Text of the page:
The third key was that of baptism by immersion for the remission of sins.
When ordained to the office of priest you are granted the authority to baptize.
Of all the experiences I enjoyed as a mission president, one of the most exciting was the glorious sight of seeing the missionaries baptize converts to the Church. To see those handsome young men lead the baptismal candidates into the water to perform that sacred ordinance always brought a lump to my throat and sent a thrill up my spine. The elders felt the same way about that privilege. One of my fine missionaries had been a very adventurous lad. He loved to rappel cliffs, hang glide, and parachute jump. He even joined an Army reserve unit which gave him regular opportunities to jump. When I asked him how he felt when he stood in the baptismal font with a convert, he replied: “It’s as exciting as jumping out of an airplane.”
Do you appreciate what it means to possess the authority to act for God, to be his trusted son, to have the unique power of the priesthood?
When I was a boy I remember one of our Apostles and noted senators, Reed Smoot, saying: “I would rather be a deacon in The Church of Jesus Christ of Latter-day Saints than be president of the United States.”
Although your duties are defined as temporal, there is nothing more spiritual than your sacred calling. In fact, the two ordinances most directly related to the atonement of Jesus Christ are Aaronic Priesthood ordinances—the sacrament and baptism.
You are entitled to be sustained by the Lord and to have his sacred power manifest through you.
I have been reading of the tremendous missionary experiences of Wilford Woodruff, some occurring while he was still a priest in the Aaronic Priesthood. His testimony should be pondered by every Aaronic Priesthood holder. It will help you understand the magnificent power God has given you.
“I traveled thousands of miles and preached the Gospel as a Priest, and … the Lord sustained me and made manifest His power in the defense of my life as much while I held that office as He had done while I have held the office of an Apostle. The Lord sustains any man that holds a portion of the Priesthood, whether he is a Priest, an Elder, a Seventy, or an Apostle, if he magnifies his calling and does his duty” (“Obtain the Spirit of God,” MillennialStar, 28 Sept. 1905, p. 610).
This sacred priesthood gives you the privilege to render significant service to your fellowmen, to feel a sense of brotherhood which few of your peers enjoy, to reach out to one another as you teach your fellow priesthood holders the duties of your special calling.
As the President of the Young Men of the Church, I delight in the story of a fine deacons quorum presidency who sensed the importance of their office in teaching their fellow quorum members.
On a recent Sunday, Mark was ordained a deacon.
When his family returned from Church, the telephone rang. It was the deacons quorum president asking for an appointment for the presidency to visit with Mark and his parents. The appointment was set for Tuesday night at 7:30 P.M. Promptly at 7:30 on Tuesday, the doorbell rang. The members of the presidency stood on the porch, dressed in suits, white shirts, and ties, each one carrying his scriptures.
Sitting down with Mark and his parents, they began with prayer, then handed an agenda to everyone there.
The quorum president then opened the scriptures, having Mark and has father read those references which speak of the power of the Aaronic Priesthood, what it is, and the particular duties of a deacon.
He then spoke about Mark’s specific responsibilities and duties, explaining how he should dress as he performed his priesthood duties, where he should be to pass the sacrament, and his duties as a messenger for the bishop. He acquainted Mark with fast offering collection procedures and assured him that a counselor in the presidency would accompany him the first time. Then he asked Mark if he had any questions about his new calling.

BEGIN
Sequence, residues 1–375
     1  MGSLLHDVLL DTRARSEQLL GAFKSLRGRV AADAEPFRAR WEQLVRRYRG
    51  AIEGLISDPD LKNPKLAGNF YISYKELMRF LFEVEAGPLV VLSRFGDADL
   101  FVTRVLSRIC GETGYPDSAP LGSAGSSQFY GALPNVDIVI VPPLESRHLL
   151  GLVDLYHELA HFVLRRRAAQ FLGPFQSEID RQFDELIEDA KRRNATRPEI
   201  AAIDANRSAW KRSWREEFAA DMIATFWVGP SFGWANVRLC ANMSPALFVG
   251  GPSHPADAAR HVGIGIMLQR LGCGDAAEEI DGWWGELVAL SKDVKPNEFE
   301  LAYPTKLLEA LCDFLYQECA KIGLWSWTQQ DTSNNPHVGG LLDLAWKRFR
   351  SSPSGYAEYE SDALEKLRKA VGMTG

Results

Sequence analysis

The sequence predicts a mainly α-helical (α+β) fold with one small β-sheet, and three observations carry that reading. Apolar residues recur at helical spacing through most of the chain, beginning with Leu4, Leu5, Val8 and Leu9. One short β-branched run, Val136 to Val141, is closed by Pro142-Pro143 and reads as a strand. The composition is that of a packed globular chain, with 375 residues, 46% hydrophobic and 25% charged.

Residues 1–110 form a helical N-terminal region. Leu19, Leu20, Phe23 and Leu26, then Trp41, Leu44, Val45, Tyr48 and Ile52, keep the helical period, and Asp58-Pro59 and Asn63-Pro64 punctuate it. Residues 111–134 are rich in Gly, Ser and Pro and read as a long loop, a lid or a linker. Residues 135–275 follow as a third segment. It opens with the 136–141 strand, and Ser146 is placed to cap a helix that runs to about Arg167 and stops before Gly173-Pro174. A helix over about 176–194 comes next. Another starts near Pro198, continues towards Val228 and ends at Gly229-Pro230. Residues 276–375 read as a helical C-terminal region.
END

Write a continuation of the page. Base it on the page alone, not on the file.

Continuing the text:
At the end of the visit, the deacons presidency welcomed Mark into the quorum and offered help whenever he needed it. As they left, Mark’s eyes were as big as saucers as he contemplated the seriousness and honor of his calling. He said to his dad: “They were awesome!”
Through the experiences of the Aaronic Priesthood quorum, you learn to accept responsibility, to be dependable and trustworthy, to do your duty. When I asked a fine deacon what he did, he replied: “I do what I am supposed to do!”
At the Scout encampment held at a beautiful site near Flagstaff, Arizona last summer, 1,150 Eagle Scouts met in a special dinner in honor of their achievement. During the program they were asked, “How many of you are planning to serve a mission?” Every young man rose to his feet, committing himself to fulfill the responsibility President Kimball has asked the Aaronic Priesthood to prepare for. Those Aaronic Priesthood brethren knew their duty.
Above all, the Aaronic Priesthood teaches you what real happiness is. Not in acquiring possessions, wealth, position; not in giving in to the gang, appetites or passions, or to any other of Satan’s temptations, but in rendering service to your fellowmen, really learning to love as our Savior taught us to love.
I know of a quorum of priests who really demonstrated how to love. Included in the quorum was a young man whose life was lived in a wheelchair because of paralysis. It was even difficult for him to speak so he could be understood. Despite his severe handicaps, the quorum rallied around him as his brothers in the gospel. They included him in all their activities. When they played basketball Eddy was there in his wheelchair, cheering them on. When they went waterskiing, Eddy was there on the bank, enjoying the outing with them. When they went to a movie, they wheeled Eddy into the theater with them. Those quorum members lifted him and his wheelchair in and out of the car wherever they went. He was truly one of them. You should have seen the bond of love that developed in that quorum. They brought meaning and worth into Eddy’s life, but they brought happiness into their own lives. I was very proud of these young men. They honored their priesthood.
When I see hundreds of thousands of stalwart young men, sons of God, embarking on the adventure of life armed with God’s holy priesthood, serving so faithfully in your wards and branches, developing testimonies of the gospel in your youth, I know that the future of the Church is secure. With the Aaronic Priesthood as a schoolmaster to assist you in coming to know your Savior, to love him and his gospel, and to prepare you to receive the sacred oath and covenant of the Melchizedek Priesthood, you fit the description of your royal generation of which we sing in that mighty hymn “Hope of Israel”:
Hope of Israel, Zion’s army,
Children of the promised day,
See, the chieftain signals onward,
And the battle’s in array!
Hope of Israel, rise in might
With the sword of truth and right;
Sound the war-cry, “Watch and pray!”
Vanquish every foe today.
(Hymns, no. 64)